killing to me-I instantly fainted away, and was borne off by a friend, who
by this time had found us out. When I came to, oh! the anguish of my soul!
I cried, Would to God I had died for them-Would to God I had died with them.
Oh! how dark and mysterious did this trying providence then appear to me!
"Why should I grieve, when grieving I must bear?"
This, dear sir, is a faithful, though short, narrative of that fatal catastrope-and
my life, admidst it all, (for what purpose, Jehovah only knows) redeemed
from surrounding death--Oh! may I spend it to the praise and glory of his
grace, who worketh all things after the counsel of his own will. The government
of the world, and of the church, is in his hands. May I be taught the important
lesson of acquiescing in all his dispensations.--I conclude with wishing
you every blessing, and subscribe myself,
Your affectionate, though afflicted, friend, and unworthy brother in the
gospel ministry, JOHN CORBLY.
- The Salem Gazette, Salem, Mass., August 23, 1785
Copy of a letter from the Hanging Maw to
His Excellency Governor Blount.
Promontory below the junction of
Tennessee and Holsten May 25, 1794
Friend and Brother,
Castreel's family were killed by a fellow from Tallassee who had his mother
killed. The white people came and killed six Indians, and our people are
willing to drop it. The fellow who was sent by M'Kee was one of those killed
at Tallassee. He was my relation, and it is forgotten - the death of my
relation is to me as if he had died a natural death. I have sent to the
Valleys, and they have all one talk, and that talk is peace. I wished to
have seen you on this subject. A runner came from Tellico about the woman
that was killed, and two children wounded, one of whom I expect is dead.
And as the two men from the Big Town, above Tallassee, had killed one man,
on Pigeon, they shall be forgotten. You and myself are both Head Men, and
you shall hear every thing I know. I cannot hear any bad talks from any
towns in the nation. We all want to get into our towns to make corn, as
there are now no bad talks.
The Spaniards have always been persuading us to go to war; but that is over
as we are determined not to take their talks. We listened to the Spanish
talks a good while, but we have found them to be liars; and we are now determined
to take the United States by the hand. You may expect, perhaps, that Watts
will give our war talks when he returns; but I assure you he will not -
His talks are for peace. The Turkey and Watts talk both the same way that
they want no more war. The young fellows in the lower towns were foolish
at first, and took the Spanish talks, but now their minds are changed. I
want my mate, Gen. Sevier, to see my talks. John M'Donnal, who has never
yet sent any talks, has sent word that the lower towns are for peace, and
it may be relied upon; Wattts is coming up to his town; and has sent up
word for M'Kee and myself to come down, where he will see and hear every
thing. Our people must have their talk first; and M'Kee must hear it; and
then you can appoint a time to hold a talk with us. The upper towns have
always been for peace, and we are going to hold a talk with the lower towns,
and we will be all as one people. We have often told lies, but now you may
depend on hearing the truth.
I am, Brother,
- The Herald; A Gazette for the Country, New - York, July 17, 1794
Little Osage Village,
Aug. 20, 1820
We are glad that you sent us a paper and a good man to tell us about your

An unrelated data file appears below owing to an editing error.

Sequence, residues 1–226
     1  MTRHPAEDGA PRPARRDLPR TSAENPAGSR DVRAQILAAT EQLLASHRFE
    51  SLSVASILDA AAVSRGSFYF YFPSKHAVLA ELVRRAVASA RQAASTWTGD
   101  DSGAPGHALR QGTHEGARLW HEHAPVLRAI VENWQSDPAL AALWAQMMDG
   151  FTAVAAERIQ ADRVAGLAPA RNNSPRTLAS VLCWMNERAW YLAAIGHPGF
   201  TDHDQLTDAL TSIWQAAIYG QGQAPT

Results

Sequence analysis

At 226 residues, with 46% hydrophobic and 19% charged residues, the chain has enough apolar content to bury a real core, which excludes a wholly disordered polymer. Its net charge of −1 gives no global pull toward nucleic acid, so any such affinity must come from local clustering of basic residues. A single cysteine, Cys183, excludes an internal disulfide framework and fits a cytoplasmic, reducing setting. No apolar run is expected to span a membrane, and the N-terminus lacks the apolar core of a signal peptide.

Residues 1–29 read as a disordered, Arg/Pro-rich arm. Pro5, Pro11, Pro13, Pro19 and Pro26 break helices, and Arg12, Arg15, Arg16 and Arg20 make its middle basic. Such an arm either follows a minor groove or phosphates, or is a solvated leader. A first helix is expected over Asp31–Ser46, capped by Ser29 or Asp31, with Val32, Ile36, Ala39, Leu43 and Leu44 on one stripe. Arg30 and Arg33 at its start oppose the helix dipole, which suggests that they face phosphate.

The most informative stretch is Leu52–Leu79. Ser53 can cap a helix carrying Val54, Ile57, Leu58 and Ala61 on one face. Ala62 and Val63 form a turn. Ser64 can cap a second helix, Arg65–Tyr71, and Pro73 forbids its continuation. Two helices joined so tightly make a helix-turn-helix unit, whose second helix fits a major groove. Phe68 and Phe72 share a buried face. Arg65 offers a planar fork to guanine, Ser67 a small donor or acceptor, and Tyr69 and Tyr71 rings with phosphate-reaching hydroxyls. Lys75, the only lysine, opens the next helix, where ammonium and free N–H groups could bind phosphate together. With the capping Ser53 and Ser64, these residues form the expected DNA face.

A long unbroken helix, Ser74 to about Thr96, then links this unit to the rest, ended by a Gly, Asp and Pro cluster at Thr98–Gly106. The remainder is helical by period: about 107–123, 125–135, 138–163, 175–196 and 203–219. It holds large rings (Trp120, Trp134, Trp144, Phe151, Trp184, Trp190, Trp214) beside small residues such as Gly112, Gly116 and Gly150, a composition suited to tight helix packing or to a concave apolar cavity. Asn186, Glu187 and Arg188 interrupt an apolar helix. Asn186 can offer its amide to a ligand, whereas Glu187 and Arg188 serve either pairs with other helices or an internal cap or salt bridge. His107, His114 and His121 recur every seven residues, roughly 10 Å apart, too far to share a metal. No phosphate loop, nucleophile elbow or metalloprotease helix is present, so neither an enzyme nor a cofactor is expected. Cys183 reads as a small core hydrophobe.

men killing three of our men. They were good men, but they were killed for
the bad men's faults. You say they began the quarrel; we do not know it.
You call us Americans - then, when we go among the Americans and want victuals
and to smoke the pipe, your children ought not to kill us. When your children
come among us we give them meat, and corn, and tobacco, and use them like
brothers - our great father told us to do so, and that his children would
do the same to us. We want that you should send us the 5 guns, 1 bow and
arrow, and 5 powder horns, that your men took from our men when they killed
them. You demand the stolen horses and you shall have them. You tell us
to open our eyes & to walk in the good road. Your men have killed 3
of our men, and we cannot walk in the good road, and let your men walk in
the bad road. You are very exact to demand of us all the trifling things
that our bad men have taken from Americans, and you shall have them, or
an equivalent therefor. You cannot think hard when we demand the lives of
our good men that your bad men have taken, or an equivalent therefor. We
cannot now go to see you, but when you get a good road marked out, and get
into it with your men, and send for us, we will go and see you, and give
up all the horses and other property, and with pleasure walk the new and
pleasant road, and smoke the pipe of peace like brothers. We cannot keep
our young bad men from mischief, no better than you can keep your young
bad men from mischief. We have done no fault, but are willing that all things
should still be right. Your men make me cry by killing our men. But our
men don't make you cry by killing your men. All the young men and warriors
are very mad, and we can only cry. We have hard work to govern them.
We want that you should take good care of the wounded prisoner, till we
go down and see you. We and you have walked in the good road - it may be
that we have both missed it - if we have, we will try to find it, and both
keep in it or out of it - but we hope in it. We want to say more, but we
hope this is enough, in behalf of the chief warriors and head men of the
Little Osage Village.
WALK IN RAIN,
Principal Captain of the L. O. Village.
N. B. We thank you for the tobacco you sent us - it was not enough to give
us all a smoke - we want that you should send us more the next time.
- National Intelligencer, Washington, October 4, 1820